In the midst of a false alarm over the possibility of a patient with Ebola in New Haven, panelists at the Yale Ebola Task Force’s first event yesterday afternoon made a resounding call for solidarity and rationality in the face of the current epidemic.

Across campus, students reacted to news that Yale-New Haven Hospital had admitted a Yale graduate student exhibiting Ebola-like symptoms, and awaited announcement of the patient’s test results. Some had faith in the hospital’s ability to respond, but others wondered why the public health school had allowed the student to come back to the U.S. from Liberia.

“Even though they haven’t used this particular protocol [before], I have faith in Yale-New Haven,” said Rebecca Leibowitz ’18.

Karen Cruz ’15 agreed, adding that the panic she saw across campus was unnecessary, considering that the test results had not yet confirmed anything yet.

But Cami Cottani ’15 questioned the University’s decision making.

“Why was he brought back to Yale after he was exposed?” she asked.

Panelists at the forum — “Beyond the Headlines: Understanding the Ebola Epidemic and Crisis Relief Initiatives” ­— sought to assuage fears about the epidemic by explaining why the U.S. is well-prepared to contain the virus and called for greater political will in helping West African nations do the same. The panel — which took place in a packed room in Linsly Chittenden Hall, attracting over 100 attendees — was composed of Yale School of Public Health professor Kristina Talbert-Slagle and Yale World Fellows Christopher Lockyear and Susana Edjang. Moderated by Branford College Master and Director of the Yale Global Health Leadership Institute Elizabeth Bradley, the panel was the first in a series of three events that the Task Force has planned.

“Sometimes the best antidote to fear is more information,” said Talbert-Slagle, a senior scientific officer at the GHLI, explaining the decision to hold the panel. She acknowledged that people are very afraid, but stressed that America has the resources and infrastructure to contain the virus, including personal protective equipment, isolation facilities and well-trained medical staff.

Ebola, she told the audience, is not as transmittable as many might think. It can only be passed on via direct contact with the bodily fluids of symptomatic patients, she said, emphasizing that the virus is highly unlikely to turn airborne — none of the other viruses in the same family have acquired this ability.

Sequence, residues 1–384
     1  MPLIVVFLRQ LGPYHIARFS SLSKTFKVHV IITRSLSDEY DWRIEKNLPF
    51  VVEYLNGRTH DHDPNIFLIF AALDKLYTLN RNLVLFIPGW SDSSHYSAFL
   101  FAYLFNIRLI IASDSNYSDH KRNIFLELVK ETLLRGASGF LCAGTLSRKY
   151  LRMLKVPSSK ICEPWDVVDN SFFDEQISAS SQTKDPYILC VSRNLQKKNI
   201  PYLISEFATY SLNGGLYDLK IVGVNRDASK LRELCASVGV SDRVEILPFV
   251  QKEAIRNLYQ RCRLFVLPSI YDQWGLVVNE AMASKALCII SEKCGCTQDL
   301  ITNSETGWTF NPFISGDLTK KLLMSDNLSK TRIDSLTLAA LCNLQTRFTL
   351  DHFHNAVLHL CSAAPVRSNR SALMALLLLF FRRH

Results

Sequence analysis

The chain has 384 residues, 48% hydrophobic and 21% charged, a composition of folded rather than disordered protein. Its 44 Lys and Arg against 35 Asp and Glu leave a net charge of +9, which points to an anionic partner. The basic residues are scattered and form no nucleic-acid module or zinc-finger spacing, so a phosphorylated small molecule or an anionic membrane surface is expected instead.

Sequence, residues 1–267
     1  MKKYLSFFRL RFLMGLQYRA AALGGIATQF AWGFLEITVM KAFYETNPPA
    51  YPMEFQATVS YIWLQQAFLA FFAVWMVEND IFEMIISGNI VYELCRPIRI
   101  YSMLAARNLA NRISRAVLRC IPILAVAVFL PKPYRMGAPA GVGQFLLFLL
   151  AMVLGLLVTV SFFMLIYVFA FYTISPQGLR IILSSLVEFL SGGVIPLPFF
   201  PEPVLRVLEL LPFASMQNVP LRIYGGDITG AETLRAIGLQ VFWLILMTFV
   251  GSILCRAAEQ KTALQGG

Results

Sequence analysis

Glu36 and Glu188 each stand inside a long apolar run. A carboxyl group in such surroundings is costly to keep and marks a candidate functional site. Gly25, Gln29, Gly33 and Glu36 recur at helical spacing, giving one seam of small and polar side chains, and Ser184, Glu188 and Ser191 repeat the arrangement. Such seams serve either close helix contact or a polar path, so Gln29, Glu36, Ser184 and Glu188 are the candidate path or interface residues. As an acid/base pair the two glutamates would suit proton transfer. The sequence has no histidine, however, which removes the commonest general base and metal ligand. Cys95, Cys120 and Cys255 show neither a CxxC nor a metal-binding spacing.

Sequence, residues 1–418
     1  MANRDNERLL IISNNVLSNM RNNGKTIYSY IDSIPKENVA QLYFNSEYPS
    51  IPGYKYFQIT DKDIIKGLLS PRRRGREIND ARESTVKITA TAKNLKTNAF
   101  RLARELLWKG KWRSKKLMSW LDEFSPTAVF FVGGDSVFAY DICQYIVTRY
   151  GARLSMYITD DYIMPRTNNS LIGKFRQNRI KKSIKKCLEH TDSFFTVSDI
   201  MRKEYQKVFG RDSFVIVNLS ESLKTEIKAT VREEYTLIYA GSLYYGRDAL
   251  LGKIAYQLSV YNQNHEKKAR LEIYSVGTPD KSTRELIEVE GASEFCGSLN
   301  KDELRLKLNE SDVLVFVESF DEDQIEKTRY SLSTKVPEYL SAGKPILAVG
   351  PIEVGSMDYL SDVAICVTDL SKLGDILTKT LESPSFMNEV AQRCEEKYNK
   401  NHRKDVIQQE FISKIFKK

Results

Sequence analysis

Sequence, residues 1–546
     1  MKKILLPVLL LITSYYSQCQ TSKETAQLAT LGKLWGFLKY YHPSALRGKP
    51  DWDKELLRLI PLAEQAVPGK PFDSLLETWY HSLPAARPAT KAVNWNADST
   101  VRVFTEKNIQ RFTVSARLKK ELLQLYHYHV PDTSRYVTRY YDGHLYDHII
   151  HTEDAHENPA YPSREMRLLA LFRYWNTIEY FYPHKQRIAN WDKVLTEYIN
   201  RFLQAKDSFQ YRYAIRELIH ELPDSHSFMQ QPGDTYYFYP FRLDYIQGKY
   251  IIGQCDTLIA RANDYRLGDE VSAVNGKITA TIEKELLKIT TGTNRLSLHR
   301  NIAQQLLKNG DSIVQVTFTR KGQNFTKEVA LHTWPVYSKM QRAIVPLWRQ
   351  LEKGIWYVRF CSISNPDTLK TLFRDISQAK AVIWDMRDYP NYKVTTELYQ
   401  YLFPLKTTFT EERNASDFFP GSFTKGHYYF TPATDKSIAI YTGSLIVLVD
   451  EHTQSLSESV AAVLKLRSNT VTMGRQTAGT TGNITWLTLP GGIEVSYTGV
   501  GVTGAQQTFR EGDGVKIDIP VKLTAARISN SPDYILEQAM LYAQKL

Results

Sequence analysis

The outbreak in Guinea, Liberia and Sierra Leone has been especially severe because of the nation’s lack of medical infrastructure and human resources, Talbert-Slagle said. And though the international community has been forthcoming in constructing isolation centers, there has been a severe shortfall in the much-needed personnel to staff these centers, added Lockyear, who serves as operations manager at Doctors without Borders.

Based on current U.N. projections that 20,000 people will be infected by November, an estimated 600 skilled clinicians will be needed to contain the epidemic, said Edjang, who serves as economic, social and development affairs officer at the United Nations. That number may seem realistic to achieve, but countries have been reluctant to deploy adequate medical personnel, the panelists said.

The healthcare system in Liberia has basically collapsed, Lockyear said. Hospitals have been overwhelmed by the volume of Ebola patients, and medical workers are afraid of turning up for work, he said. Patients suffering from treatable conditions — like malaria — now avoid going to health care centers for fear of contracting Ebola, resulting in an uptick in preventable disease fatalities, he added.

Lockyear suggested that people thinking about the recent cases in the United States will also think about West Africa, where the epidemic originated. But he was quick to warn against pursuing crisis relief initiatives out of self-interest alone. Humanitarian considerations are reason enough to help, he said.

“I hope that each person leaves here with an agenda to move the political will,” Bradley said.

The call to global solidarity resonated with students interviewed. Rachel Arnesen ’17 said that too much attention has been placed on the few U.S. cases. She evoked the need to focus more attention on the worst-hit countries and praised the panel for bringing attention to the issue.

Others commended the forum for providing much-needed information to dispel misconceptions surrounding the disease.

“I feel much more informed. They did a great job communicating the science behind Ebola,” Cole Citrenbaum ’17 said.

Allison Saran YSN ’16, speaking before Yale-New Haven Hospital announced that the Yale graduate student had tested negative for Ebola, said the case brought Ebola much closer to home, but expressed confidence in the local healthcare system.

“I think that Yale is fully equipped to deal with the situation,” she said.

The Yale Ebola Task Force plans to hold a lecture on Ebola on Oct. 27 and a benefit concert on Nov. 8.